Articles

ISDS Associate Professor Terry Sincich Retiring after 30 Years of Teaching and Researching Statistics

By Keith Morelli

Terry Sincich

TAMPA (November 6, 2018) -- For those who think studying statistics is the most difficult, maddening, worthless part of a college education, consider Terry Sincich’s life as a consultant. The associate professor in the Information Systems and Decision Sciences Department has conducted statistical studies that:

* Developed models for Stetson University College of Law to predict the probability of students passing the Florida Bar exam:

* Provided expert litigation support for Tampa Greyhound Race Track, analyzing weekly racing purses to project future purses;

* Used statistics to come up with a probability analysis that determined the odds of winning a basketball 3-point shooting contest; and

* Created statistical models for the Florida Attorney General’s Office that set the probability of collusive bidding on road construction projects.

Sincich has made statistics, well, pretty interesting. Along the way, he has tried to impart his knowledge and passion for the numbers to students. Tens of thousands of students have taken his courses here at the Muma College of Business, where he began teaching in 1988, and before that at the University of Florida.

His relevant and impactful consulting work does enter into the classroom, he said.

“One of my favorites involved a fire at a furniture warehouse that destroyed all the inventory,” he said. “The owners claimed they took a random sample of 250 paper invoices (from a total of over 3,000 invoices) in order to estimate their total damage claim with the insurance company. In actuality, they selected the invoices for furniture pieces with the highest dollar value.

“We used probability to show that such a sample would occur only once in every 100 random samples, a very unlikely event,” he said. “The analysis eventually led to fraud charges.”

After a career of imparting such relevant information, Sincich has called it quits, announcing his retirement last month.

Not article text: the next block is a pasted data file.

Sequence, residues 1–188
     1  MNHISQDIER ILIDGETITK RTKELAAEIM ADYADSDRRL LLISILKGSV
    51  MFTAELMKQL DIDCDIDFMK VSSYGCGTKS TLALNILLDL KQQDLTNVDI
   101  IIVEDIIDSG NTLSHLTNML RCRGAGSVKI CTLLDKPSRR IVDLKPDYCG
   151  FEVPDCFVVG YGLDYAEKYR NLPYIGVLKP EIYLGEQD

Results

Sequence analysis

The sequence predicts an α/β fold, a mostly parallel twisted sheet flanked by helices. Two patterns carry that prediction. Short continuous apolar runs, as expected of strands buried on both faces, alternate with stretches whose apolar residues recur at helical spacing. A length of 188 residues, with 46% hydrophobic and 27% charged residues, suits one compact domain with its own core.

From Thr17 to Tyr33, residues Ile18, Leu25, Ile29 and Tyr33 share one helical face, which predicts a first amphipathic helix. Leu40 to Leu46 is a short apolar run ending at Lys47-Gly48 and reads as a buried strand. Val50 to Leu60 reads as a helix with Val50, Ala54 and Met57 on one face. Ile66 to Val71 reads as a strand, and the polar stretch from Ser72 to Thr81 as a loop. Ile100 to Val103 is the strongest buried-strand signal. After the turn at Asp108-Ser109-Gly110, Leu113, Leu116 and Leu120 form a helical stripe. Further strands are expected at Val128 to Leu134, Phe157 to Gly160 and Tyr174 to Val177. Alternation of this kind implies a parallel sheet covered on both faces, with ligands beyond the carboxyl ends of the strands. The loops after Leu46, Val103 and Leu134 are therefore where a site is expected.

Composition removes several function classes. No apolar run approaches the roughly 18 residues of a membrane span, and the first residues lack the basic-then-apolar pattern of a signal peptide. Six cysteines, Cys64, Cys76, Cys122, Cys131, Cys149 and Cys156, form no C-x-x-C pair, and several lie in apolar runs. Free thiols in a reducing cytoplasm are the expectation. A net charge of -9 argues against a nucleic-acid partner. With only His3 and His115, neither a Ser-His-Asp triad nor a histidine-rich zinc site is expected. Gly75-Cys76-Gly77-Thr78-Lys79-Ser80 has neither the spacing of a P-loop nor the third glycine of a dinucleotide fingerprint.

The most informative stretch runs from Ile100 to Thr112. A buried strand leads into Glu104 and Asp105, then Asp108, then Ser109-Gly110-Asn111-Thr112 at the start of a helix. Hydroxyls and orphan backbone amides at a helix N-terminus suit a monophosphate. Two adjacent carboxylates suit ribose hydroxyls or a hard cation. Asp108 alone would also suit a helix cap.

Along the way, he has won numerous teaching awards at USF, including the Kahn Teaching Award and Outstanding Teacher Award, recognizing excellence as an educator. He was named MBA Association Professor of the Year four times while at UF, where he, way back in 1978, took the Graduate Teaching Assistant of the Year award.

Teaching, it turns out, is his greatest passion.

“In today’s world, we are bombarded with data, from the news media, social media and at work,” he said. “The key is making students aware that statistics is something they will use on the job and in their everyday lives since it involves making sense of data. Statistics helps us to think critically about what the data really means.

“In every example I present in class, I try to present real and recent and, hopefully, interesting data to them. Many of these same data sets appear in my textbooks.”

It’s no secret that Sincich's areas of research interest include applied statistical analysis and statistical modeling. He has co-authored statistics textbooks, book chapters and research papers in top-rated journals such as the Journal of the American Statistical Association, the Academy of Management Journal, and Auditing: A Journal of Theory & Practice. He also has published in Research on Accounting Ethics, Demography and the International Journal of Forecasting. He has presented his work numerous times at academic conferences.

“At UF I was on a lecturer appointment while working as a statistical consultant for Info Tech,” he said. “At that time, I decided to make a full-time commitment to academia. USF’s College of Business had just started its PhD program and was looking to put more emphasis on research. So, many professors needed a statistician to collaborate with in order to get their papers published.

“In addition, the newly created ISDS Department was taking over the teaching of statistics from economics and was seeking someone with experience in teaching graduate students as well as undergraduates in a large lecture environment.”

The department was also beginning to offer statistics courses to campuses in Sarasota, St. Petersburg, Lakeland and even Ft. Myers, he said, “and my experience teaching a distance-learning statistics course at UF, coupled with the need for a collaborating statistician made the USF job a perfect fit.”

He found a home here for the next 30 years. But now, retirement calls.

“I’ve been doing this job for 38 years, starting in 1981 in Gainesville,” he said. “I estimate that I’ve taught over 60,000 students during that time. That’s a long run and I have enjoyed every minute.”

It won’t be a clean break, though. He plans to continue to revise the four statistics texts that he had co-authored over the years and likely will teach statistics in the DBA program here.

“My wife and I plan to spend a lot of time with our two grandchildren in the Washington, D.C., area and traveling with friends and family.

“We are both avid tennis players,” he said, “so there will be lots more of that.”